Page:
Integrity: It is the quality of being honest, whole, and straight in thought and action, avoiding ambivalence.
Investment: Invest your savings in productive businesses that serve people well and employ needy workers. Avoid high risk enterprises; leave those to investors who like to gamble.
Knowledge: All knowledge is valuable, but some facts are more universal and more useful than others. Abstract knowledge appeals to me, yet concrete knowledge is closer to the senses, appealing as an experience, and essential in applying abstract concepts to invention.
Knowing the truth empowers me to organize things towards greater order and beauty.
Justice: I want justice for myself, even more so for others. Your might doesn’t make you right.
Can I support justice for others when my own interests are opposed to it? That is the crucial test for my conscience. Can I grant justice to animals? Do they at least deserve my respect and humane treatment? They do.
Every member of our society should have equality of opportunity, fairness in courts, and freedoms of speech, sexual orientation, movement, and employment. We should also consider granting some justice to our animal relatives, even to plants in our habitat.
Land: Possessing land with animals and plants goes beyond the utility of land for producing food. We have a mystical connection with the land and its creatures, which explains why some wealthy families buy millions of acres for enjoyment and preservation.
Even a small piece of land with flowers, bushes, and trees is of value to me—a garden next to the house.
Lawfulness: I choose to adhere to the laws of my society, even if sometimes I find a law irrational or wrong; eventually the legislators will correct their mistake.
Leadership: I am prepared to lead if I am best qualified for the job in my group; if not, I am ready to follow. Leadership is a primeval function in humans, elephants, wolves, and chickens.
Devotion to a leader is bred in us from times when a good tribal leader tipped the scales for life rather than death.
Leaders frequently claim to be fathers or mothers to their followers, calling them their children.
A leader may pose as the father, mother, or identity of a nation. Louis XIV of France said: “I am the state.” Queen Elizabeth I of England: “I am married to England.”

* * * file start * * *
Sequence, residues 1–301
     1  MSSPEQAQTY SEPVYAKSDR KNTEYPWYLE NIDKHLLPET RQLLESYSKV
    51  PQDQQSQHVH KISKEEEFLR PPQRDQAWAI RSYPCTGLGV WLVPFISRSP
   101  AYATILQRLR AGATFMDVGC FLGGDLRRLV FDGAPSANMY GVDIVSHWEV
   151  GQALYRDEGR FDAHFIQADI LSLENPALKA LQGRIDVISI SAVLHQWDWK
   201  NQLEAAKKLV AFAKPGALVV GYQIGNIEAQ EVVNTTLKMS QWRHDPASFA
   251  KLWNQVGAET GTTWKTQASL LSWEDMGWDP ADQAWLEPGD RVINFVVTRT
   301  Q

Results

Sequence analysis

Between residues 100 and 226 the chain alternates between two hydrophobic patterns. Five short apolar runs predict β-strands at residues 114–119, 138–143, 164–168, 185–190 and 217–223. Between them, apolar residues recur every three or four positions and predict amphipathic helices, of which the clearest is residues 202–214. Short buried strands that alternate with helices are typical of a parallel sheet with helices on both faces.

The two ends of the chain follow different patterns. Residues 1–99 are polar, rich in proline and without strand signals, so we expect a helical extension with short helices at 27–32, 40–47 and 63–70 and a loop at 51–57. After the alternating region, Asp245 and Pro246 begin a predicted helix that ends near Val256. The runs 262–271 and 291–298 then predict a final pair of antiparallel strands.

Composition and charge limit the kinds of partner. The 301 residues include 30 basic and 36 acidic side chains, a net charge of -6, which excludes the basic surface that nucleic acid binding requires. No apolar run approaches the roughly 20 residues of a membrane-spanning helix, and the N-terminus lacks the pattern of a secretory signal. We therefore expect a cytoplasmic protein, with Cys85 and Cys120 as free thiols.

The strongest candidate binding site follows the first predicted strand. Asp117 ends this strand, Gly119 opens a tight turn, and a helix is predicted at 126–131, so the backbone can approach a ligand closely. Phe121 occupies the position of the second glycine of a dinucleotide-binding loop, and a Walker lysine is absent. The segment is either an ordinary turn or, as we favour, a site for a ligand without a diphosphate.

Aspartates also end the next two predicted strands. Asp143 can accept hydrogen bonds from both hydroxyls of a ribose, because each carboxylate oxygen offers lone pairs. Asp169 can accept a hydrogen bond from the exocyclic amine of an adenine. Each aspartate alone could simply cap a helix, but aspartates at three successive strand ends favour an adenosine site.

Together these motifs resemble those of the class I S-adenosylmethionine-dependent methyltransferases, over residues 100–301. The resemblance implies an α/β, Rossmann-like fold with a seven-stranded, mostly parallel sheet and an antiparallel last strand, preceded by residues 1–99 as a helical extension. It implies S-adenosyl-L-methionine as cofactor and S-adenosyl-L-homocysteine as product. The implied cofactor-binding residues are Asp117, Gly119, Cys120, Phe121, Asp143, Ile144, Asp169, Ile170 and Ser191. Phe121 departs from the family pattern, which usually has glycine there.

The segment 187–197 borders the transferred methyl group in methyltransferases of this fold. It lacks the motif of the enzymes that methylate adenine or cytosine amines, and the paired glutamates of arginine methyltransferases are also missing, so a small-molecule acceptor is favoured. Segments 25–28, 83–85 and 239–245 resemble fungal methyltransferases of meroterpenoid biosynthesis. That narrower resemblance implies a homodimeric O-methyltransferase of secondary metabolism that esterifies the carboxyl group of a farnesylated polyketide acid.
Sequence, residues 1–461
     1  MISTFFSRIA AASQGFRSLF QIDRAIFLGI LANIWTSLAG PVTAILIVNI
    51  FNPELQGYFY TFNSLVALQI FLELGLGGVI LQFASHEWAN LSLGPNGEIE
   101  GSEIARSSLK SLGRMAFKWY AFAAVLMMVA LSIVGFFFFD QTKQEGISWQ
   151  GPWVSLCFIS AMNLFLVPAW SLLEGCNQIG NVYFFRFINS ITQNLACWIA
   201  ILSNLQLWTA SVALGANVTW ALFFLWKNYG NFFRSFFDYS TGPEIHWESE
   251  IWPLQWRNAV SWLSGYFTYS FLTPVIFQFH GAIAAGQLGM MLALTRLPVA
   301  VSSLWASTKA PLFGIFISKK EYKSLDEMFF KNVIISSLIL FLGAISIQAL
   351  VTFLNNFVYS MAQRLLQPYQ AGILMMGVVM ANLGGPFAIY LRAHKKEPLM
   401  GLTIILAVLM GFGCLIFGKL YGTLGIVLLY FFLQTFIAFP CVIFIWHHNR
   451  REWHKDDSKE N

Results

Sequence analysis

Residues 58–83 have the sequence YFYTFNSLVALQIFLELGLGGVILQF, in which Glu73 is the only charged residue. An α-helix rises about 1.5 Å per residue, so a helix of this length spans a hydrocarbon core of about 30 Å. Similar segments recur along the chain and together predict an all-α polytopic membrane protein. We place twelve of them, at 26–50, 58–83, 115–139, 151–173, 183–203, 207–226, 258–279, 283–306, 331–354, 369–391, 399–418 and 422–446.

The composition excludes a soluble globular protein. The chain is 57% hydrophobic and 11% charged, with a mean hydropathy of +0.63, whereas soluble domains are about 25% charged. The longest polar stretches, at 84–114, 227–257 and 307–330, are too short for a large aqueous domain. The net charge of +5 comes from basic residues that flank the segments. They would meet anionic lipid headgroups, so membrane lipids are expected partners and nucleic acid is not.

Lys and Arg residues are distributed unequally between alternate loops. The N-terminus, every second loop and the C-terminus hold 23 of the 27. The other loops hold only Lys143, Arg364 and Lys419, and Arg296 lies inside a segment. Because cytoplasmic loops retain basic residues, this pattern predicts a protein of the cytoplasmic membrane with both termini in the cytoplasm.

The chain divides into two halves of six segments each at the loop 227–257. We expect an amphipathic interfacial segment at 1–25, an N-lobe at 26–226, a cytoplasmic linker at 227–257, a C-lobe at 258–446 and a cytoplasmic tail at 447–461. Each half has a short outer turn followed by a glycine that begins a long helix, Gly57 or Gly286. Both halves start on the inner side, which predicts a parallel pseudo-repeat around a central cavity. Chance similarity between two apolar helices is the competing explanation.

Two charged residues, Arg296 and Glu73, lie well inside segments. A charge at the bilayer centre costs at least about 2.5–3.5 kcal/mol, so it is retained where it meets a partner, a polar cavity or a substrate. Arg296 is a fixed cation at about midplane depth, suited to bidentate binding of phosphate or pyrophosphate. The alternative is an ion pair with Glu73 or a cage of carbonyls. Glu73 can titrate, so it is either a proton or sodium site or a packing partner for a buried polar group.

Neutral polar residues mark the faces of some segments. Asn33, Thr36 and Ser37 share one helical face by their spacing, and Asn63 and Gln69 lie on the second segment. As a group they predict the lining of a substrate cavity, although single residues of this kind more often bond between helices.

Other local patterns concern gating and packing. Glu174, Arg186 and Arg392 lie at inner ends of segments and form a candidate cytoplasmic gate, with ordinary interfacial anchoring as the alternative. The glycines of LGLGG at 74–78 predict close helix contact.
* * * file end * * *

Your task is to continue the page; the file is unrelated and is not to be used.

A great leader is bathed in heavenly light in the eyes of followers. Often leaders end up with an exaggerated idea of their importance, like Alexander, Napoleon, Henry Ford, and Hitler. “Hail, Caesar, those who about to die salute you.”
Great people want mausoleums, monuments, or pyramids for their bodies. I say, just put my ashes in the earth. “Earth to earth, ashes to ashes, dust to dust…”
Leaders like parades and triumphs. They display their image for the admiration of all with paintings, sculptures, and other television. Let my image fade and the ideas I admire shine.
Smart and successful people are apt to start life with big egos, egos which grow after each success until they explode. Temper your ego with proper humility.
Loyalty: Leaders demand loyalty from their followers in order to be effective. Loyalty was part of the code of chivalry in feudal Europe. In Japan, loyalty was one of the eight virtues of the samurai bushido code.
The purpose of leadership and loyalty is the success and prosperity of the group; if not, I’m prepared to transfer these appointments elsewhere with due notice.
Loyalty is the price we pay to keep our job or spouse.
Longevity: Longevity has its merits. I can accomplish goals which would be impossible for me without a long life. Yet, more important than a long life is the quality of each day of work and enjoyment.
Love: If one is alive, it’s never too late in life for love and romance.
Maximum utilization: I will achieve more in life with a maximum utilization of all the resources at my disposal. For long stretches I have allowed some of my resources to stay fallow, such as education and training or bank deposits.
Meaning: We all seek meaning in our lives, searching for the values which make us feel alive, successful, and happy.
Meditation: It is valuable in itself outside of any benefits it gives. In meditation I hear my inner voice or conscience that guides my steps; yet I must submit this guidance to critical thinking with my conscious mind.
Meditation could be the way to achieve contentment and union with God in spirit, enabling me to withstand any of life’s vicissitudes, loss of health, fortune or loved ones, even aging and death.
I tend to be more meditative rather than active. I am apt to spend much time thinking, planning, organizing, and preparing before taking action; I need to take more actions to solve my problems more promptly.
Meditation can lead to destructive thoughts; I must guide it carefully with my conscious mind, as I guide my actions in the outside world.
Merit: I remember the merit badges I strived so hard to get as a boy scout, badges recognizing excellence in particular skills; I still seek merit badges from the public, but not as feverishly now.
Moderation: As in chemistry, let everything you use be in the proper amount and for the proper time so that you function at your best for the rest of your life.
Money: The value of money is proportional to the lack of it for basic needs: food, clothing, shelter, warmth, and medical care. John D. Rockefeller, Sr., however, had an unlimited appetite for it. I balance the acquisition of money against other pursuits of importance to me and the world.